SOLID is not Solid
Rendering of the book 'SOLID is not Solid'
Graphics showing the book title 'SOLID is not Solid'


Stop Validating Your Experience and Start Questioning Authority

Reading books and attending talks where your experience, opinions, and beliefs are validated is pretty powerful. Validation can be a wonderful thing, as it can let you know that you are not alone in how you feel. Like when you saw a sixteen-level indented series of callbacks on the NodeJS home page and thought maybe, just maybe, this was not the future of web development.

But it can also blind you to the truth. By default, you are misinformed (everyone is). If all you are exposed to is information re-affirming that misinformed thinking, you’ll miss out on a lot. You might stop critically thinking about what you are told. And if you don’t get any sort of feedback, you won’t even realize it.

Building and maintaining software is difficult, primarily because there is no feedback available for how well you’ve done your job. Working in software always feels painful, slow, and annoying (even when it’s not really that bad). What this means is that it’s really hard to know if the advice you’ve been given about how to do it actually worked.

And programming is such a unique experience that there really is no analogy for it that we can look to for guidance. It’s not engineering, it’s not a craft, it’s not science, and it’s definitely not art. But it’s damn fun!

One thing that’s great about programming is that it has a pretty low barrier to entry. Anyone who has access to a computer can learn to program. Despite that, the field has always been rife with gatekeepers who try to describe what real programming is. But, those gates slowly are coming down and it turns out that lots of people are good at programming. Even computer science majors. This has a downside, though.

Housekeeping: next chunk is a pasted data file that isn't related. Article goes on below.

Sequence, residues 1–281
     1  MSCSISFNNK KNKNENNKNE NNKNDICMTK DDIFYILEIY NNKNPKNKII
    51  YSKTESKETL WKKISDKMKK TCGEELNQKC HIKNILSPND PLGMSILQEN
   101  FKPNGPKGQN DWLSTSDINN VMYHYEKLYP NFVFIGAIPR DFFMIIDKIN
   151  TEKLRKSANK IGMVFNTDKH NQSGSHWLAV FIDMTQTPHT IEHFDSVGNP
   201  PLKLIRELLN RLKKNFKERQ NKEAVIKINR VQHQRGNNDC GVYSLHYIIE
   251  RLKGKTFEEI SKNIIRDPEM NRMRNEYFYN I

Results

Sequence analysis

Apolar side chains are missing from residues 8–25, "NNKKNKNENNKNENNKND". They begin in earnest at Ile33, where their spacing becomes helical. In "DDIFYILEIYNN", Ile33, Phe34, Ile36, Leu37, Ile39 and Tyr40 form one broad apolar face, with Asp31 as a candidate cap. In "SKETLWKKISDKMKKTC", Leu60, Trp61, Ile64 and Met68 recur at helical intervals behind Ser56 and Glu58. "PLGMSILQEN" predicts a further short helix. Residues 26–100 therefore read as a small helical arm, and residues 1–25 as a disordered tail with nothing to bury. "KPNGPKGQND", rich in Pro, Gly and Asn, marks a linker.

That downside is opinions, hot takes, thought leaders, conference speakers, and book authors all giving their opinions about their experience and trying to generalize those into rules about how to be a good programmer…all without any real evidence other than survivorship bias.

Literally Anyone Can Lead Thoughts

Do you know what I had to do to write and publish this? The hardest part was figuring out how to change fonts in LaTeX. 20 years ago the hardest part would’ve been to find a publisher and decide to be OK with a 10% royalty rate. Today, I don’t need anyone’s permission to make a book. On paper!

It turns out that almost everything you’ve been told about how to design software went through the same vetting process (by which I mean learning LaTeX).

What this should tell you is that everything you were told was someone trying to convey their experience in a way that made sense and that validates their worldview. This is not bad or evil, but it is also why science exists. Science is less susceptible to biases like survivorship bias. But software development is not based on science. At all.

So this brings us to SOLID.

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